FILED: October 21, 2009

IN THE COURT OF APPEALS OF THE STATE OF OREGON

ROBERT ZANE BOGLE,

Petitioner-Respondent,

v.

BRIAN BELLEQUE,
Superintendent,
Oregon State Penitentiary,

Respondent-Appellant.

Marion County Circuit Court
06C13072
A137230

Albin W. Norblad, Judge.

Argued and submitted on July 02, 2009.

Timothy A. Sylwester, Attorney-in-Charge, Capital Cases, argued the cause for appellant.  With him on the brief were Hardy Myers, Attorney General, and Mary H. Williams, Solicitor General.

Andrew S. Chilton argued the cause for respondent.  On the brief were Patrick M. Ebbett and Chilton, Ebbett & Galli, LLC.

Before Haselton, Presiding Judge, and Armstrong, Judge, and Rosenblum, Judge.

PER CURIAM

Reversed.

PER CURIAM

Defendant appeals a judgment granting petitioner post-conviction relief.  This was petitioner's third petition for post-conviction relief.  The post-conviction court considered the merits of the petition and concluded that petitioner could not reasonably have raised the argument made in the petition either on direct appeal or in a previous petition.  We disagree and reverse. 

In 1994, petitioner was convicted of four counts of kidnapping, two counts of robbery, two counts of assault, and one count each of burglary, unauthorized use of a vehicle, and felon in possession of a firearm.  Petitioner appealed from that judgment of conviction, and we affirmed in 1996.  Also in 1996, petitioner filed his first petition for post-conviction relief, which was denied.  Petitioner appealed from that denial, and we affirmed in 2000.  Petitioner filed a second petition for post-conviction relief in 2004, which was dismissed.  Petitioner appealed from that dismissal, and we affirmed in 2007. 

In 2006, petitioner filed a third petition for post-conviction relief, which is the subject of this appeal.  Relying on State v. Wolleat, 338 Or 469, 474-75, 111 P3d 1131 (2005), petitioner argued to the post-conviction court that his kidnapping convictions are invalid because his asportation of the victims was merely incidental to his commission of the robberies and assaults.  In Wolleat, the Supreme Court reversed the defendant's kidnapping conviction where the defendant's movement of the assault victim was merely incidental to the assault and was not intended to interfere substantially with her liberty.  Petitioner further argued that he could not reasonably have raised such an argument until the Supreme Court decided Wolleat in 2005.  The post-conviction court agreed with petitioner and granted a new trial on the kidnapping charges.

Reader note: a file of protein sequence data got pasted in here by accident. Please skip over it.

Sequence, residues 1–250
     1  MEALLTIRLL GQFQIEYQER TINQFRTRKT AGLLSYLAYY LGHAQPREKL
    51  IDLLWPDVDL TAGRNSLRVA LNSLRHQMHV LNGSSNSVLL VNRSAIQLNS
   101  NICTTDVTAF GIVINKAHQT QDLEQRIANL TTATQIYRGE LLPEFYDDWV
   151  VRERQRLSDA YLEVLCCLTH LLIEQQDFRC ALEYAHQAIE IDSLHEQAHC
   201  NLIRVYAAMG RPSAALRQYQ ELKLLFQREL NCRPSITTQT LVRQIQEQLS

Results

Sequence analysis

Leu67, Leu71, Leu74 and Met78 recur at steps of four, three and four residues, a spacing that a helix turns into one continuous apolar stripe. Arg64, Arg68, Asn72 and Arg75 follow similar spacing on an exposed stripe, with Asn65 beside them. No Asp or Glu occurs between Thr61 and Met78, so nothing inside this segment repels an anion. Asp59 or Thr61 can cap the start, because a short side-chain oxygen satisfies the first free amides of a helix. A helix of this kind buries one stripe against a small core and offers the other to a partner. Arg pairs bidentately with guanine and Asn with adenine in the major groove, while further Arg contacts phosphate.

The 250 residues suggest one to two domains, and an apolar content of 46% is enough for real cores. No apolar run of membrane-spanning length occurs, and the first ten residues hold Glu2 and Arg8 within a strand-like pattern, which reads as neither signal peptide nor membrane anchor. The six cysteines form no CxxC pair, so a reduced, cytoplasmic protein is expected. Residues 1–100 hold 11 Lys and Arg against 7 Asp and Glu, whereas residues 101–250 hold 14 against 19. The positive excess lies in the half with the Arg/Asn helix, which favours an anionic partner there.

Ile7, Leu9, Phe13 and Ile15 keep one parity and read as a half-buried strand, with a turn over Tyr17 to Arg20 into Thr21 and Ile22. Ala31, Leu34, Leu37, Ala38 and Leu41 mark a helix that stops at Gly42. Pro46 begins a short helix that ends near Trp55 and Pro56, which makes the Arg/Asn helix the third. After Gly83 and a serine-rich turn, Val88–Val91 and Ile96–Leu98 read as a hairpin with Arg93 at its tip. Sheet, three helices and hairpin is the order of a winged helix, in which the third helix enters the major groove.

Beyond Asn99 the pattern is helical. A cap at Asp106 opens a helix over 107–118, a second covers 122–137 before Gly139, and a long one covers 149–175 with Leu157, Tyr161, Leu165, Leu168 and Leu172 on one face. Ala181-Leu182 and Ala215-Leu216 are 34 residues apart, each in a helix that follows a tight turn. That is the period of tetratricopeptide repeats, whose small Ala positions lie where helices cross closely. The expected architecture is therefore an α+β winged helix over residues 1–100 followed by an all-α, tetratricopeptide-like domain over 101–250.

When a petitioner has obtained direct appellate review and filed a petition for post-conviction relief, as petitioner in this case did, the petitioner may not seek additional post-conviction relief unless the grounds for relief asserted could not reasonably have been raised on direct review or in an earlier post-conviction petition.  ORS 138.550(2), (3); see also Long v. Armenakis, 166 Or App 94, 100-102, 999 P2d 461, rev den, 330 Or 361 (2000) (stating that an untimely petition would not be permitted "where the constitutional principle is an acknowledged one"). 

Here, the Supreme Court unmistakably identified the potential issue that petitioner now seeks to raise as early as 1980.  In State v. Garcia, 288 Or 413, 420, 605 P2d 671 (1980), the court explained that the legislature "intended that there be no conviction of the defendant for the separate crime of kidnapping where the detention or asportation of the victim is merely incidental to the accomplishment of another crime[.]"  Indeed, defendants have repeatedly made this argument in the years between Garcia and WolleatSee, e.g., State v. Montgomery, 50 Or App 381, 385, 624 P2d 151, rev den, 290 Or 727 (1981) ("Defendant * * * contend[s] that his detention of the victim was merely incidental to his other crimes and was too brief to constitute 'kidnapping.'").

In sum, petitioner's present petition is precluded for either of two reasons:  (1) he reasonably could have raised this issue on direct appeal; (2) even if that were not so, it is an issue that could have been raised in the earlier petition for post-conviction relief.

Reversed. 


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